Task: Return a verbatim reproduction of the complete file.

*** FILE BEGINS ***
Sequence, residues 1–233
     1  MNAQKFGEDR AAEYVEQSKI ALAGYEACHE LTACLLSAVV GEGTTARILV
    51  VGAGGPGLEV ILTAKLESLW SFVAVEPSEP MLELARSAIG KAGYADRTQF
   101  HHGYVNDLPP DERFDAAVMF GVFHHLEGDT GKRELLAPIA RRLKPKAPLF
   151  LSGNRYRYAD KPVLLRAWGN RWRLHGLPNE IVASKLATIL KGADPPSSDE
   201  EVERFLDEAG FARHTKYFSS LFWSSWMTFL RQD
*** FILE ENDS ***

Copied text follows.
Sequence, residues 1–233
     1  MNAQKFGEDR AAEYVEQSKI ALAGYEACHE LTACLLSAVV GEGTTARILV
    51  VGAGGPGLEV ILTAKLESLW SFVAVEPSEP MLELARSAIG KAGYADRTQF
   101  HHGYVNDLPP DERFDAAVMF GVFHHLEGDT GKRELLAPIA RRLKPKAPLF
   151  LSGNRYRYAD KPVLLRAWGN RWRLHGLPNE IVASKLATIL KGADPPSSDE
   201  EVERFLDEAG FARHTKYFSS LFWSSWMTFL RQD